“All surgical wards are full with legs up like forests. We are allowing them to sit with their legs tied up. Only six districts of the 146 districts have substantive District Health Officers yet these are the people supposed to guide the technical people,” said Idro.

He described as shameful Uganda’s health care system, yet there is much that can be done to improve the system, saying the recent trip by the Association in Fort Portal Hospital revealed that many women are coming from ruptured uteruses and would be unable to give birth again, because their cases weren’t handled on time because of absence of health equipment.

 “Ladies coming from Kasese with ruptured uterus, they require so many blood transfusion and days in because health center IVs aren’t working properly. We are losing so many people in this country unnecessarily, we can do better,” he added.

The Medical Association also called on Parliament to ensure that private health training institution are supervised, revealing that many of these facilities are admitting more students than they can train.

The Association also blasted Government for failing to provide medical insurance to medical workers, pointing out that in the first wave of Covid, Uganda lost 9medical workers and the number increased to 20 doctors in the second wave, yet the families haven’t been compensated.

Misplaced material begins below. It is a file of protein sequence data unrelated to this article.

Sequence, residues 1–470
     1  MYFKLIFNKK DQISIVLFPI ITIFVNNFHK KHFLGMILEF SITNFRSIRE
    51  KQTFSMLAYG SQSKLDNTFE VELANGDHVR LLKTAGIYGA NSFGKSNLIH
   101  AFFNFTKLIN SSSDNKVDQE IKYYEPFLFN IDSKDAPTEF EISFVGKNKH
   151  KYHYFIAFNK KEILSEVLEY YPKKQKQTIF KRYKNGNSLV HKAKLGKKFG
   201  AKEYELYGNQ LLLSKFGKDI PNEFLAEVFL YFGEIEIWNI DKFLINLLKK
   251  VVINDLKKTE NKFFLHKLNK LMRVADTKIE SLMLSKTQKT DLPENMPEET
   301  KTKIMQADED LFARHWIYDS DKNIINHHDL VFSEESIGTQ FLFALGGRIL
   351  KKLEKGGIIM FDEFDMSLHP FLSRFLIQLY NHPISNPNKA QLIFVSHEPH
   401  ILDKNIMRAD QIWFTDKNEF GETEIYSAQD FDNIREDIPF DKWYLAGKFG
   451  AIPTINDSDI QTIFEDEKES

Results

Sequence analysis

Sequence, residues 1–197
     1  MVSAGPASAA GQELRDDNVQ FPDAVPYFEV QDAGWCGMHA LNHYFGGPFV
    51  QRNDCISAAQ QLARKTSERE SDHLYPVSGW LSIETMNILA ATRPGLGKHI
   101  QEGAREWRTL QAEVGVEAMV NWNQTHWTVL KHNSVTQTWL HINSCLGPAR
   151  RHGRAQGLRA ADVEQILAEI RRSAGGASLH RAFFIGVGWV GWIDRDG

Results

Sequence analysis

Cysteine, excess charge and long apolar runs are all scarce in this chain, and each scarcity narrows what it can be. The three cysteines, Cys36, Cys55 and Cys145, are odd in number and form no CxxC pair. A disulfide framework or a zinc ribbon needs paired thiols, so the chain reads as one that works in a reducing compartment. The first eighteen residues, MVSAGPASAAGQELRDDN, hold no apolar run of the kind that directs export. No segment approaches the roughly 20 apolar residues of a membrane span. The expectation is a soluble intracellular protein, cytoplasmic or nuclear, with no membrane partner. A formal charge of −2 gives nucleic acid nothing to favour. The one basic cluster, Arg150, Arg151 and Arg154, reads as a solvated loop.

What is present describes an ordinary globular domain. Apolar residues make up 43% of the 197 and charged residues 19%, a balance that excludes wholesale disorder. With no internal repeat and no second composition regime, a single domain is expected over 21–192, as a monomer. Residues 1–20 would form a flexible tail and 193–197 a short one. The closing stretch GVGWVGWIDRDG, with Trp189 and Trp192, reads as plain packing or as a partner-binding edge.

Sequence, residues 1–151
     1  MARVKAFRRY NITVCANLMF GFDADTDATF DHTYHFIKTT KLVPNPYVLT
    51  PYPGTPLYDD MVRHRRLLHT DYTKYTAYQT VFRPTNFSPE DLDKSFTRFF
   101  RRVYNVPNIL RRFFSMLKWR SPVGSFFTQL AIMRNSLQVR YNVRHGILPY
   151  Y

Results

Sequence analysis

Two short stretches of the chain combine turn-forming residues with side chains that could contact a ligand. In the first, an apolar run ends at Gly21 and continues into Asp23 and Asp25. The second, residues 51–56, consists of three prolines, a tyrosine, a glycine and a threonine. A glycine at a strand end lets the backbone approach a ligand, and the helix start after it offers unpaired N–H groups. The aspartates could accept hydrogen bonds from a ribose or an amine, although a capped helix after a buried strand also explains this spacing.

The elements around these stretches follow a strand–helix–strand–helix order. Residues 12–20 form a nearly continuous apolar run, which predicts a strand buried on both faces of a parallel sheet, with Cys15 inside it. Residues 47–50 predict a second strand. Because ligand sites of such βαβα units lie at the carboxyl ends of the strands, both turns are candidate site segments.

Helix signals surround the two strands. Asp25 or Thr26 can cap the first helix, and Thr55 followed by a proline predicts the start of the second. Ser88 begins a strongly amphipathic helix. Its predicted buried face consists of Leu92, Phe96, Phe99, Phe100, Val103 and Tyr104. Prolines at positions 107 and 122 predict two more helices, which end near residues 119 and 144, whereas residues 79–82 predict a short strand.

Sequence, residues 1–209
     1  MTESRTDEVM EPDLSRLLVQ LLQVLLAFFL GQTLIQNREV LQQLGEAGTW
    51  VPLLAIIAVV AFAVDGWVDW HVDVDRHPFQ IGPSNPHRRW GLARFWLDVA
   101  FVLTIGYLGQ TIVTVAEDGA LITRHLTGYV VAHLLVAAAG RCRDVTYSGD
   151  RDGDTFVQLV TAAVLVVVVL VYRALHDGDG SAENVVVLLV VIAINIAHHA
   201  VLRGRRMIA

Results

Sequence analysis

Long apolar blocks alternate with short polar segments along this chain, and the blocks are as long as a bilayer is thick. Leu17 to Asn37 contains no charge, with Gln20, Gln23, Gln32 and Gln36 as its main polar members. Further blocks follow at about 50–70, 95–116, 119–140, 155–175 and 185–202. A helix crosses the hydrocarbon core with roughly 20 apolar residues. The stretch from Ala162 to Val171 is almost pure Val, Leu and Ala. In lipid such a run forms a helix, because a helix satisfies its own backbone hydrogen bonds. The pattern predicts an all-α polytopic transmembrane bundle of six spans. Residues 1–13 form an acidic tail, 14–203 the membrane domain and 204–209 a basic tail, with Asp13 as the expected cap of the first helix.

Idro said, “In a space of four weeks, we lost a doctor in second wave we lost 20 doctors. We lost a doctor in Nakaseke hospital, right now his family is almost thrown out of the house. These people haven’t received any compensation. We are touching all this pus and wounds, we have no health insurance.”

Francis Asiimwe, Secretary General of Uganda Medical Association asked Government to fulfill its pledge, warning that although their tenure is almost coming to an end, the next set of leaders may be too radical to consider dialogue.

“We hate to strike, we hate to withdraw from service delivery, but when we are boxed from corner, things get bad. The guys coming in, they won’t come for meetings, how can we wait for things to reach confrontational level,” noted Asiimwe.